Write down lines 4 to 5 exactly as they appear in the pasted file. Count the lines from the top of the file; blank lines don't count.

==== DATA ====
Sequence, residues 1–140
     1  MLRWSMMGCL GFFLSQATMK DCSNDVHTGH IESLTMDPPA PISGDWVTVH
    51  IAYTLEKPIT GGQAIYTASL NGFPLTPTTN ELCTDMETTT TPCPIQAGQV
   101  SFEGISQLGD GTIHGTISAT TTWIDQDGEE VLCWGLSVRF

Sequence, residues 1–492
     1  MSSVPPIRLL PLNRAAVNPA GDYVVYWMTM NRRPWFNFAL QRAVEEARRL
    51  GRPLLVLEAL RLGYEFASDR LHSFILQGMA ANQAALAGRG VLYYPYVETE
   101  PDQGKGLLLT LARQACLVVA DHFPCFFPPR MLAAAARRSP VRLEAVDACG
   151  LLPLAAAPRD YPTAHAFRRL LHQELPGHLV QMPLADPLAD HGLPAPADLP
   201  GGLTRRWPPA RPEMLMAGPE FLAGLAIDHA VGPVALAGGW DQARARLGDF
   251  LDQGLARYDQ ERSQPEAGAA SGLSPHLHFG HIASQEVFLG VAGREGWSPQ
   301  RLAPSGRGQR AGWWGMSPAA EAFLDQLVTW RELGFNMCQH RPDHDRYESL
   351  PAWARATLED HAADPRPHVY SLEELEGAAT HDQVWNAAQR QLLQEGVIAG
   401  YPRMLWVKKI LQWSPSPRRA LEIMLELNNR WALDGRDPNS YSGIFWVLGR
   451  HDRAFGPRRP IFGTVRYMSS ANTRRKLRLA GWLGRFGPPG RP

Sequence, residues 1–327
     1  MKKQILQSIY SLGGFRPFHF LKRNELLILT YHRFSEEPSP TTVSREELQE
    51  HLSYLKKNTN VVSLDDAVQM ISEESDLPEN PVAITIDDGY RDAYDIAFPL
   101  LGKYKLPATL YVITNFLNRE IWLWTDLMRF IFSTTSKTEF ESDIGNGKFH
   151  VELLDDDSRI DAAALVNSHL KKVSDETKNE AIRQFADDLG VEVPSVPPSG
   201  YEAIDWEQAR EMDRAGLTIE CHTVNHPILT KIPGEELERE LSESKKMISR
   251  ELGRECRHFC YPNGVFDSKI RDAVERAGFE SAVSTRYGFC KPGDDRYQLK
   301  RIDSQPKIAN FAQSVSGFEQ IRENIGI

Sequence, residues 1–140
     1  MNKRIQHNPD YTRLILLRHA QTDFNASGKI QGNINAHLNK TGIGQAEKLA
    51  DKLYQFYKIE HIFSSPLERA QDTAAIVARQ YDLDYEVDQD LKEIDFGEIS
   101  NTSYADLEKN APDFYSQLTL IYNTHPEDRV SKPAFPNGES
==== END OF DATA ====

   101  SFEGISQLGD GTIHGTISAT TTWIDQDGEE VLCWGLSVRF

Sequence, residues 1–492